Despite their mixed fortunes, the equity class continues to reign supreme and dictate to both forex and most fixed income positions. Last week stateside, investors managed to shift their attention to the increasing flow of earnings reports and found them mixed. A result that had equity prices ending the week where financials were hardest hit. This is in contrast to the Asia Pacific region, where most bourses are down for the first half of January. In Europe, equities have continued their last year's climb and have been capable to shake off this year's slow start, boosted by investor optimism over economic growth prospects in mainland Europe and the UK.
As of Monday morning, European markets have managed to open broadly lower in sympathy with Asian markets, which happened to sell off after confirmation of slowing Chinese growth (Q4 GDP +7.7%). The headline GDP print was a fraction ahead of forecasts, and certainly not enough to brighten the general mood of risk aversion. Other data released showed that industrial output grew an annual +9.7%; slightly below estimates while retail sales met expectations (+13.6%). With the U.S. celebrating Martin Luther King Day, the forex market expected to remain subdued, with liquidity again trading with a premium.
Now that China's GDP growth has fallen to its slowest pace in 14-years last year, what's next for the world's second largest economy? For this year it seems that many are divided into two distinct camps: those who see a continued growth deceleration towards +7%, and those who expect a pickup to above +8%. The discrepancy comes from a number of factors; the biggest includes the extent to which reforms undertaken at the Third Plenum last November will impact their own domestic economic growth and the degree to which China will benefit from the pickup in global demand. No matter what, surprising data out of China will always bring market volatility and trading opportunities. Yesterday after the numbers, the Aussie managed to print a three and a half year low below $0.8760 before rebounding, while the Yen posted moderate gains and hit a 1-week dollar low below 103.90.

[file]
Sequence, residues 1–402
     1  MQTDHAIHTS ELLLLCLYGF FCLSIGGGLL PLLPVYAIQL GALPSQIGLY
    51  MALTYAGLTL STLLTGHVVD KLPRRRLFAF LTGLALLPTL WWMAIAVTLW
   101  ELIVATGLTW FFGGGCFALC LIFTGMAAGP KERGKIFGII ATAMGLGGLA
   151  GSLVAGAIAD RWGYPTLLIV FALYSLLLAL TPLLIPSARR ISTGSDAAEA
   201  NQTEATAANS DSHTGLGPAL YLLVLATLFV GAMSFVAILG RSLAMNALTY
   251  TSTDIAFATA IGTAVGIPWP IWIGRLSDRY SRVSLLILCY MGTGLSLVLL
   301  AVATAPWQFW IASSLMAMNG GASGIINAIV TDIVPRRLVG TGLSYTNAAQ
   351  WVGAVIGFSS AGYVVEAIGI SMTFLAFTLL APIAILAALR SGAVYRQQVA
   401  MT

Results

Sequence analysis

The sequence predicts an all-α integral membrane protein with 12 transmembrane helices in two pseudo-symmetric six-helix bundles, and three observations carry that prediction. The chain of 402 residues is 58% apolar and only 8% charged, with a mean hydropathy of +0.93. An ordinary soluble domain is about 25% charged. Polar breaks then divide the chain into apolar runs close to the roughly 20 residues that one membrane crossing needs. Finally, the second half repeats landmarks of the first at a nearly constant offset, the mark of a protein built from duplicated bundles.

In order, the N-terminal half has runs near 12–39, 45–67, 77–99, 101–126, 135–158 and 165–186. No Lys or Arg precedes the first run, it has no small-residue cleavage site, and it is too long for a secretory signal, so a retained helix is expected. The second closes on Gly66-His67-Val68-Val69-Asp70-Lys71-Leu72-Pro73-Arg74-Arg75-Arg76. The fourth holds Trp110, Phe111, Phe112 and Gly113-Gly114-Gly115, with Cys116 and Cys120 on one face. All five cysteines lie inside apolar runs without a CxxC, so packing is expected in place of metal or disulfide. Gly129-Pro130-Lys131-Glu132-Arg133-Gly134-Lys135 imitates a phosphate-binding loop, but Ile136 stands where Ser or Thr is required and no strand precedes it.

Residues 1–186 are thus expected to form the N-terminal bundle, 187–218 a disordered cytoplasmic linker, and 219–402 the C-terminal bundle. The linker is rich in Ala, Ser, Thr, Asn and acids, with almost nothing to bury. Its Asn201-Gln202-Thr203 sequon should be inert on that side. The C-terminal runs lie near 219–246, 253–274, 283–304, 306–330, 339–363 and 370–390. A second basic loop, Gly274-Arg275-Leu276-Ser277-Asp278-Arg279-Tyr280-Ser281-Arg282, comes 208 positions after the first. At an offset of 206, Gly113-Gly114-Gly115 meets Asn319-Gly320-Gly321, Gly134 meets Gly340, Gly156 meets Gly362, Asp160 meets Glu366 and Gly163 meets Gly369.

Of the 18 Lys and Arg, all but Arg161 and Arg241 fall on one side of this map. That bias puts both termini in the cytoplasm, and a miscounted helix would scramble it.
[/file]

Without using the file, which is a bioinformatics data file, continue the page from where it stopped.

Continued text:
The mighty dollar starts this holiday shortened trading week sitting atop a two-month high, supported mostly by last week's upbeat data having convinced investors that the Fed is to continue its gradual withdrawal of stimulus. It seems that the market is happy to buy into the theme that signs of an improving labor market (assuming last months NFP was a weather hindered anomaly) justifies further reductions in the Fed's monthly bond purchases. Interest rate disparity favors a higher dollar, especially now that the ECB speaks a dulcet dovish tone. Later this week investors will get to see whether the BoC and BoJ get to change their respective monetary policies.
Governor Poloz at the BoC and his monetary policy has-- so far this year-- triggered a -6% decline in his own country’s currency against its largest trading partner, the U.S. No one seems worried about the recent movement, apart from the CAD bulls, as long as the currency trades at "appropriate levels given the various economic realities." Last October the BoC governor happened to remove their hawkish bias, a bias put in place by the previous Governor Carney 12-months prior. This has removed a market license to support the currency that has since printed a four-year low outright late last week.
For many analysts, shortening the CAD outright is considered one of the go-to trades for this calendar year. However, few expected the currency to have weakened so quickly so early this year. No matter, by mid-week the BoC is expected to put the loonie directly in the speculators crosshairs. The currency could come under further pressure if governor Poloz signals the need for lower interest rates by using rhetoric rather than action, an indirect approach to boost economic growth by devaluing the currency. Focusing on the downside risk to deflation and insisting that there is no housing bubble will again have the loonie on the back foot. The market remains a better buyer of USD on pullbacks.